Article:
It was the cause of great controversy in 17th-century Britain – all thanks to a single typo that seemingly encouraged infidelity.
This is the “Wicked Bible” of 1631, so called because the printers omitted the word “not” in the Seventh Commandment so that it reads: “Thou shalt commit adultery”. The offending passage, from Exodus 20:14, is pictured.
The book was co-published by Robert Barker, printer of the first edition of the King James Bible. As one of the royal printers, the mistake drew the attention and scorn of Charles I (pictured) and the Archbishop of Canterbury.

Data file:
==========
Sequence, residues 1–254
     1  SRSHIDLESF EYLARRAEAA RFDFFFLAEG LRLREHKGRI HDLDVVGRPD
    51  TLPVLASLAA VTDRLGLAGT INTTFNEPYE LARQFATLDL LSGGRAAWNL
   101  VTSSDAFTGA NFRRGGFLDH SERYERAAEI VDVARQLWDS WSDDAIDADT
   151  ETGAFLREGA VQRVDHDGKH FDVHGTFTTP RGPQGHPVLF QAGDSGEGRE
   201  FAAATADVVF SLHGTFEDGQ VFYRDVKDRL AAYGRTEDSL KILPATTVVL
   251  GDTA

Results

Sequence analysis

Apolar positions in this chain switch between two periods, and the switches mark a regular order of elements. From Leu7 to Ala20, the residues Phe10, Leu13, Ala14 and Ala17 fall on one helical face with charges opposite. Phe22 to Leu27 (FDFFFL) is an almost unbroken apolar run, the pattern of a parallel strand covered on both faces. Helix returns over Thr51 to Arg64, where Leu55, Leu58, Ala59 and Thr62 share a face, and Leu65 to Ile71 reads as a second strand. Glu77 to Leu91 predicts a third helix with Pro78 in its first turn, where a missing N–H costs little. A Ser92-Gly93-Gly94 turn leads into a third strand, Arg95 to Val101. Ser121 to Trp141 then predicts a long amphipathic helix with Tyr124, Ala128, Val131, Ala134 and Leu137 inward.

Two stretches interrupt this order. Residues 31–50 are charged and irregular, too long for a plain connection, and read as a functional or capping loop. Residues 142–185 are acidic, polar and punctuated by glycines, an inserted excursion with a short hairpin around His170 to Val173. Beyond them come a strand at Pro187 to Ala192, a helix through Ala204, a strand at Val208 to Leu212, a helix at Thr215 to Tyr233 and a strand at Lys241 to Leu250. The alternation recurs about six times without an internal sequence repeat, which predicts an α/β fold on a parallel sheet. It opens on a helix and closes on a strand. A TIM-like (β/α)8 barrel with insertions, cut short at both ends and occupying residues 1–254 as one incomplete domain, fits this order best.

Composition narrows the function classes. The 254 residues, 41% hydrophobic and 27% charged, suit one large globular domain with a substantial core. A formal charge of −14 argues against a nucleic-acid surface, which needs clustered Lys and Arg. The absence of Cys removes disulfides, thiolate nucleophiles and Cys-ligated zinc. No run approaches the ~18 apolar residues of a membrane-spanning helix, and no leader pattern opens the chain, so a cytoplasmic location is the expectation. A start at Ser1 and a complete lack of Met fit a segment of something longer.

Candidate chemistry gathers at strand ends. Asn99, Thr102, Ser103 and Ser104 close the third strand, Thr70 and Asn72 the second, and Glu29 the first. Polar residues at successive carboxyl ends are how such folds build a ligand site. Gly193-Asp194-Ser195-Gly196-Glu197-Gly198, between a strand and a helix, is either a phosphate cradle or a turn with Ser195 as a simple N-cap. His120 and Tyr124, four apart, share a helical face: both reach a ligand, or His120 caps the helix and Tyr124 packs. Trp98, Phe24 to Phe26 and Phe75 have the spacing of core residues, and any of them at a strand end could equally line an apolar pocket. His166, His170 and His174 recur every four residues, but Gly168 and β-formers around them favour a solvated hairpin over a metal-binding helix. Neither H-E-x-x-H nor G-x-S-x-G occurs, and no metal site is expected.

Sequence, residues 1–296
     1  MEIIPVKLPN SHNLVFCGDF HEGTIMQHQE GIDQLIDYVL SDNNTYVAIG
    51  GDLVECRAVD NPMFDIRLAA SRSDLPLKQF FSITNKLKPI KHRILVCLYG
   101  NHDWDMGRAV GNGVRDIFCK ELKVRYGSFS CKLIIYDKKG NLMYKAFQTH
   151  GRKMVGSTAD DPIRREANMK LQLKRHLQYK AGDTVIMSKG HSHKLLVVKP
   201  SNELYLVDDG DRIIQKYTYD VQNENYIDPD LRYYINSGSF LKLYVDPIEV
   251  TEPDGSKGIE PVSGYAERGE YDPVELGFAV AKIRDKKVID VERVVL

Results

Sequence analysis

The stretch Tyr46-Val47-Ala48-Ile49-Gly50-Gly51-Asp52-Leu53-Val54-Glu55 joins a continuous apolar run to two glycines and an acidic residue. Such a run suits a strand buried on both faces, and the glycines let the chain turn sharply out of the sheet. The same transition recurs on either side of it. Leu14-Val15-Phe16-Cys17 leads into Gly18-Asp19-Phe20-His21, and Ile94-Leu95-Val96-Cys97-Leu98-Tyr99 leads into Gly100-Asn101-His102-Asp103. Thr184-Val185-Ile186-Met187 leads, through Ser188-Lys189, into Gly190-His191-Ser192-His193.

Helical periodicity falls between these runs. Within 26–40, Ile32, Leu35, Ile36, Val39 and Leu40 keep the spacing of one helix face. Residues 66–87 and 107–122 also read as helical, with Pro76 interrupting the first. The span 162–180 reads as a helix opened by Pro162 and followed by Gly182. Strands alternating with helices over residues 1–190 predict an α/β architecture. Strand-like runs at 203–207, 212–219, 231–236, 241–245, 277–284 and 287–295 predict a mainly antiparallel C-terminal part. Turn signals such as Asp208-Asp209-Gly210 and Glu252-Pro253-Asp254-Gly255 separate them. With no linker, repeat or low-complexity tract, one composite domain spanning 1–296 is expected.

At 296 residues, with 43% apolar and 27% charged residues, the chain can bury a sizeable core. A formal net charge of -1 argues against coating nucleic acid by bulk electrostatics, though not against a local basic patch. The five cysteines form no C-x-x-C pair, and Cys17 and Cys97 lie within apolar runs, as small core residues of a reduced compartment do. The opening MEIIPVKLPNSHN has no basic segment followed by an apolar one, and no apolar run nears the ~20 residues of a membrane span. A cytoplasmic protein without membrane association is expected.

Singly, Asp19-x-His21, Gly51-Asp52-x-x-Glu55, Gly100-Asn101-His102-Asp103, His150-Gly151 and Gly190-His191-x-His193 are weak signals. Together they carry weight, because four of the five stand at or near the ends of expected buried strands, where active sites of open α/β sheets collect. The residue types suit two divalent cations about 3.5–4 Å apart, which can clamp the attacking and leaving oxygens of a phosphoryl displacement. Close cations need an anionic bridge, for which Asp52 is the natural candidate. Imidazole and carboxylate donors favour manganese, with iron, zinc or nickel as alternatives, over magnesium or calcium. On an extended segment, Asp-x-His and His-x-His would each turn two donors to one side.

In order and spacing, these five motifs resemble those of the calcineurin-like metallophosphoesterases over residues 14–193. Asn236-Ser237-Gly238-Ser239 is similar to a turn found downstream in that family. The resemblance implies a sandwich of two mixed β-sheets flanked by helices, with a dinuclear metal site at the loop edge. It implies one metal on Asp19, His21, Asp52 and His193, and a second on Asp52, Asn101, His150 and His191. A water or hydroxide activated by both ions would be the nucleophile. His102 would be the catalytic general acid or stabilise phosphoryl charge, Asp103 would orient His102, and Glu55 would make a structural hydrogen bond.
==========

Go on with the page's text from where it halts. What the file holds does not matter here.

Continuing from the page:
Barker and fellow publisher Martin Lucas were heavily fined and all 1,000 copies of the Wicked Bible were ordered to be destroyed.
It is thought that only a small number remain in existence, including this example at Leicester.
Send suggestions for this series on the treasures, oddities and curiosities owned by universities across the world to firstname.lastname@example.org
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